The US-based Human Rights Watch released its 129-page report, “Return to War: Human Rights Under Siege,” on August 6, the anniversary of the massacre in Muthur of 17 local aid workers attached to the French charity – Action Against Hunger. The Nordic ceasefire monitoring mission accused the Sri Lankan security forces for the horrendous crime, which the government rejected and created a Presidential Commission of Inquiry (CoI) in 2006 to investigate this and some other specific assassination cases, where the culprits remain at large. An International Independent Group of Eminent Persons was also appointed to observe the investigations. But to date not much progress has been made, because of various functional problems.
The HRW report cannot be dismissed cursorily as lacking in credible evidence, which has been the immediate response of the government, as the findings are based on the accounts given by victims and bona fide eyewitnesses. It has accused not only government forces but also the LTTE and the breakaway Karuna group operating with government’s tacit support for violating human rights with impunity. However, it is the government’s complicity in the shocking increase in human rights violations by the security forces that is pointedly condemned. This is the critical issue that the government should address.
The report says, ethnic Tamils have borne the brunt of these violations but members of the Muslim and majority Sinhalese population are not immune to government abuse. The report has received worldwide attention because of the emphasis given by international media – Reuters, AP AFP, BBC and others. Brad Adams, Asia director at Human Rights Watch is reported to have said: “The Sri Lankan government has apparently given its security forces a green light to use ‘dirty war’ tactics. Abuses by the LTTE are no excuse for the government’s campaign of killings, ‘disappearances’ and forced returns of the displaced.” He also said: “The government is using its conflict with the LTTE and the rhetoric of counterterrorism to suppress dissent in Sri Lanka.” There is in fact the desperate need for the Rajapaksa government to consolidate the hold on power and prevent opposition moves to overthrow it. The war against ‘terrorism’ is presently serving as a useful means to achieve the government’s narrow political aim.
The following are some extracts from media reports on HRW findings:
The Sri Lankan government is responsible for many unlawful killings, enforced disappearances and other serious human rights violations since the resumption of major hostilities with the LTTE last year.
Human Rights Watch has called on the country’s donors and concerned governments to support a United Nations monitoring mission in Sri Lanka.
The LTTE, an armed Tamil secessionist group, is responsible for serious crimes such as targeted civilian killings, extortion and the use of child soldiers, which are not new and have been documented and condemned in the past too.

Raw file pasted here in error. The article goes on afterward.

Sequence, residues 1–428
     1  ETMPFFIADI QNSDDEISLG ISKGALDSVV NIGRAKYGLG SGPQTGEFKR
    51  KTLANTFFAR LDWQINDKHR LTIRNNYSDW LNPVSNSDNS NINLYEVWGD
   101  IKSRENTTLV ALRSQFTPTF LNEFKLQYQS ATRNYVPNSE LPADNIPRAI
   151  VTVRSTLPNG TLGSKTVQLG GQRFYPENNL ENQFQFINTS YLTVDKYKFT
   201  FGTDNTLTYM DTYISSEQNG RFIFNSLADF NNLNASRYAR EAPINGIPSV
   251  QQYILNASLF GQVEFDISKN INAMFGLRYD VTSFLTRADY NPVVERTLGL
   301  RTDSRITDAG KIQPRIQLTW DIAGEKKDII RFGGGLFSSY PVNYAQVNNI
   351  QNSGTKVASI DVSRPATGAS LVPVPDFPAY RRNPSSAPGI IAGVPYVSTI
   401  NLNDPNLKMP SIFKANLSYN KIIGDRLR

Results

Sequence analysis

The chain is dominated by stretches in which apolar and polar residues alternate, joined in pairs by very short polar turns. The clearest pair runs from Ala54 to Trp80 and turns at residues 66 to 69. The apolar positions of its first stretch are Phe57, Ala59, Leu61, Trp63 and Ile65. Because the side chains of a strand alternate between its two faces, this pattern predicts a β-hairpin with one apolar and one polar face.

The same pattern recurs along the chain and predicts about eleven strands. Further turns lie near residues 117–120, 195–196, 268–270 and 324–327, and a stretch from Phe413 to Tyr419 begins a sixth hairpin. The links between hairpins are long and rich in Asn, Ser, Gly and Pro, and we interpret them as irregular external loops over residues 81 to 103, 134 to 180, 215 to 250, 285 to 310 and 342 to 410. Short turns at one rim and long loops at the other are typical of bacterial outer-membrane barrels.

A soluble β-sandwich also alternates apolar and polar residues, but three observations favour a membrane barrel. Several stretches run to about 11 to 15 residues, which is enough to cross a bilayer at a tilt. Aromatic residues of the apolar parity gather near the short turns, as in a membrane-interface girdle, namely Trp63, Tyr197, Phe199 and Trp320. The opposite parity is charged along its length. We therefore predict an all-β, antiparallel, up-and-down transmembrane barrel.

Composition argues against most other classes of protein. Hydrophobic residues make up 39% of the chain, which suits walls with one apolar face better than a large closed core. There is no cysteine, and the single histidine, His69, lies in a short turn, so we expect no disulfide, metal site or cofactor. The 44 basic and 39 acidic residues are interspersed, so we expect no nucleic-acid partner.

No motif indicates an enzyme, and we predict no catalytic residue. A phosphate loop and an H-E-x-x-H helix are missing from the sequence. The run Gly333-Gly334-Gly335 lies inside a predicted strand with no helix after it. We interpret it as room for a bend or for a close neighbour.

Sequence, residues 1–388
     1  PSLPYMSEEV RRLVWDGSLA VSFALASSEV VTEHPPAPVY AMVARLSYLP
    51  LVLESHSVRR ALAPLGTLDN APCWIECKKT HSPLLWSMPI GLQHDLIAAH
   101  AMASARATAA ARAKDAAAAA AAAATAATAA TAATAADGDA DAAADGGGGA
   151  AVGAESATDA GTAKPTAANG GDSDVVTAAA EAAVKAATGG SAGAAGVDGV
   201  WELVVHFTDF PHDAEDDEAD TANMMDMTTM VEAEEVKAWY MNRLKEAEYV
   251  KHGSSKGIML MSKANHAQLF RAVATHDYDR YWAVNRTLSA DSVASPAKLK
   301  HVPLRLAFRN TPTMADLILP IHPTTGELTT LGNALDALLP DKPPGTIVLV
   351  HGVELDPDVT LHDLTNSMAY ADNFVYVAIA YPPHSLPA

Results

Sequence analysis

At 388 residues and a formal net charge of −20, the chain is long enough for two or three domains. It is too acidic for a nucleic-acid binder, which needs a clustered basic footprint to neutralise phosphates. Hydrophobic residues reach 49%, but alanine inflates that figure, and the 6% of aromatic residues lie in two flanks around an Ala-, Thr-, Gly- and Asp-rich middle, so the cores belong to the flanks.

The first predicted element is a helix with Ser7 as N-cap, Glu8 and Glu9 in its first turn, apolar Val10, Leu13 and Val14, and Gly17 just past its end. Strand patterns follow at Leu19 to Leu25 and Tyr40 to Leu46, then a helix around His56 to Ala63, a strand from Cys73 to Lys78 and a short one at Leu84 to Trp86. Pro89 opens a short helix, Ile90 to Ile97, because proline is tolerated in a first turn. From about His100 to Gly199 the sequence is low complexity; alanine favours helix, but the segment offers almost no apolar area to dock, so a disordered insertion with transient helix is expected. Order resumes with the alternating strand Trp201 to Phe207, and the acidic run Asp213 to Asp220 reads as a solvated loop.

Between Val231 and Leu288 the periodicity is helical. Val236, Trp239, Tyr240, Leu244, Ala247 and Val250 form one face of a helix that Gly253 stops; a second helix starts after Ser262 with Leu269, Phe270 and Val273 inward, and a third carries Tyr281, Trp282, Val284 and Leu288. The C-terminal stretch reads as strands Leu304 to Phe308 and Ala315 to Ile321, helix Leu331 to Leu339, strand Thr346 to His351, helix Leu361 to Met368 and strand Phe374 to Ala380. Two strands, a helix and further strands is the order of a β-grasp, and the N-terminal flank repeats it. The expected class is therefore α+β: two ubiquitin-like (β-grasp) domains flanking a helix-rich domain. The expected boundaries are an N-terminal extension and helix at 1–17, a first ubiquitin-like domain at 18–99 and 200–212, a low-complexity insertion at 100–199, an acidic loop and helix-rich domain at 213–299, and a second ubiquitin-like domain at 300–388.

President Mahinda Rajapaksa and his brother, Defense Secretary Gothabaya Rajapaksa, have pursued military operations in the country’s north and east, with little regard for the security of the civilian population.
Security forces have subjected civilians to indiscriminate attacks and impeded the delivery of humanitarian aid. Some 315,000 people have had to flee their homes due to fighting since August 2006, the vast majority Tamils and Muslims. About 100,000 were displaced in March alone. Government authorities have forced some to return to areas that remained insecure.
More than 1,100 new cases of abductions and “disappearances” were reported between January 2006 and June 2007, the vast majority of them Tamils. While the LTTE has long been responsible for abductions, the majority of recent “disappearances” implicate government forces or armed groups (the ‘Karuna’ faction) acting with governmental complicity.
On the northern Jaffna peninsula alone, an area under strict military control, more than 800 people were reported missing between December 2005 and April 2007, 241 of whom were subsequently found. In the vast majority of cases, witnesses and family members allege that security forces were involved or implicated in the abduction.
In August 2006, the government reintroduced Emergency Regulations, which criminalize a range of peaceful activities protected under Sri Lankan and international law. The government has used the regulations to prosecute political opponents and members of the media. The government has tried to silence those who question or criticize its approach to the armed conflict or its human rights record. It has dismissed peaceful critics as “traitors,” “terrorist sympathizers,” and “supporters of the LTTE.”
The Karuna group, a Tamil armed group that split from the LTTE in 2004 and now cooperates with Sri Lankan forces against the LTTE, continues to abduct and forcibly recruit children and young men into its force with the complicity or acquiescence of the Sri Lankan government. The Karuna group has also kidnapped for ransom scores of Tamil businessmen in Batticaloa, Vavuniya, and the capital Colombo. Despite repeated promises to investigate state complicity in Karuna group abductions, the government has thus far not indicated that it has taken any steps to investigate, and the abductions have continued unabated.